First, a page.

He only had four tackles and one sack in South Carolina's 35-7 win over Georgia in early October, but if you watched that game, you saw Clowney make his presence felt all over the field by disrupting plays for the entire 60 minutes.
He has stepped up his game stopping the run and has established himself as one of the nation's premier defensive football players.
And he's still got at least one more season in South Carolina before he turns pro. That's frightening.
Special Teams Player of the First Half: Missouri PR Marcus Murphy
With apologies to South Carolina's Ace Sanders and Texas A&M's Dustin Harris, neither of those two special teams studs has played anywhere close to the level of Missouri's Marcus Murphy this season.
Murphy leads the punt return average with 18.88 yards per return, returned a kickoff 98 yards for a touchdown vs. Alabama, and has scored four touchdowns on special teams—a Missouri single-season record.
For perspective, LSU's Tyrann Mathieu averaged 15.59 yards per return and only scored twice all of last season—and he was a Heisman finalist.
That's strong, really strong.
Murphy is one of Missouri's lone bright spots in its transition season to the SEC.
Freshman of the First Half: Texas A&M QB Johnny Manziel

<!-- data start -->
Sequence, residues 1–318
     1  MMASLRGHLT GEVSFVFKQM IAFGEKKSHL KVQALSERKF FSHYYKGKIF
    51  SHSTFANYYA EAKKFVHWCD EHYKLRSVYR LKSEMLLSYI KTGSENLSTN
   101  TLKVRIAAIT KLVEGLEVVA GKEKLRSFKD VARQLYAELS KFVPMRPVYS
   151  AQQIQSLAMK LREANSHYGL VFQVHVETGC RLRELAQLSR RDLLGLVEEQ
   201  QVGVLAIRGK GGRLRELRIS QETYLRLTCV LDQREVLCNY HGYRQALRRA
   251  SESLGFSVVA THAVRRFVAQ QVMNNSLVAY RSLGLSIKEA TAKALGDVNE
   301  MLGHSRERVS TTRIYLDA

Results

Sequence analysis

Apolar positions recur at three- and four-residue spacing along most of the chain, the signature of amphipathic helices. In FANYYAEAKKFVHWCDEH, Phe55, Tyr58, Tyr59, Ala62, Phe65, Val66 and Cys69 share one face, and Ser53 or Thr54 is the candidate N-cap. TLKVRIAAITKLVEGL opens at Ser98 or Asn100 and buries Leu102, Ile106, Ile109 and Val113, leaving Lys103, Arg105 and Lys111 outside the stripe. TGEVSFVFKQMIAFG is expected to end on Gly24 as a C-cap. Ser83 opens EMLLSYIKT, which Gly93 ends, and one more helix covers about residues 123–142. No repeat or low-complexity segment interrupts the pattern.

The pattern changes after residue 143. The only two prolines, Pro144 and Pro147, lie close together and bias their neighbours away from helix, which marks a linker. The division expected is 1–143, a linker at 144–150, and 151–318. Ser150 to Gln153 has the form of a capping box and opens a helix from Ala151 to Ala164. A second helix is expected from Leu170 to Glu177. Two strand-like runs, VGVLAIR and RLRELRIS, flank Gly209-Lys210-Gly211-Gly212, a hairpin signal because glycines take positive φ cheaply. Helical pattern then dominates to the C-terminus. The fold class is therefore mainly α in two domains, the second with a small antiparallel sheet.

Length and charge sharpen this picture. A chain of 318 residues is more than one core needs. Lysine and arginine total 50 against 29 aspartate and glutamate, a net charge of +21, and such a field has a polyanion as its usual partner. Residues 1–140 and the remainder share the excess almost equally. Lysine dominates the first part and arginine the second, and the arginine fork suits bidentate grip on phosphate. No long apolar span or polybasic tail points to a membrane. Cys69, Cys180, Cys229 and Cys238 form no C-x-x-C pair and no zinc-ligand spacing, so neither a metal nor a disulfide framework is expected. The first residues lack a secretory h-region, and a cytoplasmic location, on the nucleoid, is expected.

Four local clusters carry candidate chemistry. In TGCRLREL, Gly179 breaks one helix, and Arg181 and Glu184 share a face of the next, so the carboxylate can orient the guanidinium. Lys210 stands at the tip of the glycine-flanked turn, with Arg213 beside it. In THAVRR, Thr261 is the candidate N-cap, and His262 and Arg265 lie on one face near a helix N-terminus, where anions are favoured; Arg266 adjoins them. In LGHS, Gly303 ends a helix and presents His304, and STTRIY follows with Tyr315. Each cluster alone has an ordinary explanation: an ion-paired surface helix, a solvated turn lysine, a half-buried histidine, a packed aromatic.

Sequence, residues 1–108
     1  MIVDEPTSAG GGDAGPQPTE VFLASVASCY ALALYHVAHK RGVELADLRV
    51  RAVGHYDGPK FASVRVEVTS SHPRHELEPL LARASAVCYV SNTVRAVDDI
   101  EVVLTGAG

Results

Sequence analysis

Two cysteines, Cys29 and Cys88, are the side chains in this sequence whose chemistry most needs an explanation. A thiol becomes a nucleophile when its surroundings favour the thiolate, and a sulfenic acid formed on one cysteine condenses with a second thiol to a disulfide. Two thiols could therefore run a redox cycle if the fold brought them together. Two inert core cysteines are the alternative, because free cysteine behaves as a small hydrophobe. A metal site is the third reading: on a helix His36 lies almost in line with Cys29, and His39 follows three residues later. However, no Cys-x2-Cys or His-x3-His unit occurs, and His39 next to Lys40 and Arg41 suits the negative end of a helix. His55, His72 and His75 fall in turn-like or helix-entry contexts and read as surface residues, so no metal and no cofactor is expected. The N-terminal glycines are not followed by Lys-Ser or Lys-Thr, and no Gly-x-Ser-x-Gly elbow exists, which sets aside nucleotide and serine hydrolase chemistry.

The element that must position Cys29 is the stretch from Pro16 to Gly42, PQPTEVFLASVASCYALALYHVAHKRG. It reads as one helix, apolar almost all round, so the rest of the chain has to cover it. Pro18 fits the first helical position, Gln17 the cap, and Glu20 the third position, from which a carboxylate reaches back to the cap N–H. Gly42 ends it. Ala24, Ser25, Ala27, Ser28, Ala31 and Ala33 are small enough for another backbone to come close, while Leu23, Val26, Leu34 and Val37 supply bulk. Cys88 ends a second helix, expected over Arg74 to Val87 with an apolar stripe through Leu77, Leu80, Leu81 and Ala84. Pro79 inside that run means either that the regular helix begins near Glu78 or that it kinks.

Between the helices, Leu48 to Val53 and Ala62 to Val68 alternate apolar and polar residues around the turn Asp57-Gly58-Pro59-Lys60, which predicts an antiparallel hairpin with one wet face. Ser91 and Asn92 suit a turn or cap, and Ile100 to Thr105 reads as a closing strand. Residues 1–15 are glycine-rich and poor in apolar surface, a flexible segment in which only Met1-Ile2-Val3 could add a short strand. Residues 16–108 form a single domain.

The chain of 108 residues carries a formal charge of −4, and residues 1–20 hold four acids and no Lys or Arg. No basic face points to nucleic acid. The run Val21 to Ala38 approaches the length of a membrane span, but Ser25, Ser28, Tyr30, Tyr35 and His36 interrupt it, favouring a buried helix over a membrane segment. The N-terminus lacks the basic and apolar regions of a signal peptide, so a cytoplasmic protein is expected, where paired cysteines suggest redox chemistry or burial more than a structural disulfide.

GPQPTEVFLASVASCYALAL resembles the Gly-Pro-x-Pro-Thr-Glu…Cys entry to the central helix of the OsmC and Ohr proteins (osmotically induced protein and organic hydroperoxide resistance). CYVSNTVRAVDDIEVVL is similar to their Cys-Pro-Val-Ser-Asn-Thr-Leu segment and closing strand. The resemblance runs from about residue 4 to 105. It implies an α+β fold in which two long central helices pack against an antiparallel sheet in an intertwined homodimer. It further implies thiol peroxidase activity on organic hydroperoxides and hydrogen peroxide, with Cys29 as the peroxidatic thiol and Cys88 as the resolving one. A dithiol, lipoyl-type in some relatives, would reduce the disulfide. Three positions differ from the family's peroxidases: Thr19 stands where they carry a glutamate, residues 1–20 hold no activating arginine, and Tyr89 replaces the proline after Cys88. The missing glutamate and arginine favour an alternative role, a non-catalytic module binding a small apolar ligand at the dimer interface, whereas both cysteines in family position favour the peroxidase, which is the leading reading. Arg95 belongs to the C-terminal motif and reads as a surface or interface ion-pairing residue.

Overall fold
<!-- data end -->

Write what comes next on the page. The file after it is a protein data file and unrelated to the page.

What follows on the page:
If you get named the mid-season offensive player of the year, then you have to be SEC mid-season freshman of the year, right?
Manziel has been an absolute stud for the Texas A&M Aggies, and the fact that he's a redshirt freshman that wasn't named the team's starting quarterback until Aug. 15 makes his early-season performance even more impressive.
He is accurate through the air, keeps his eyes downfield as he is buying time and knows when it's appropriate to take off on the ground.
Some of the success that Manziel has enjoyed so far this season is directly due to Texas A&M head coach Kevin Sumlin and offensive coordinator Kliff Kingsbury's ability to adjust the air raid offense to fit the skills that Manziel possesses.
"Johnny Football" has been the talk of the SEC in 2012, and the conference will be lucky to have him around for the next few years.
Coach of the First Half: Florida Head Coach Will Muschamp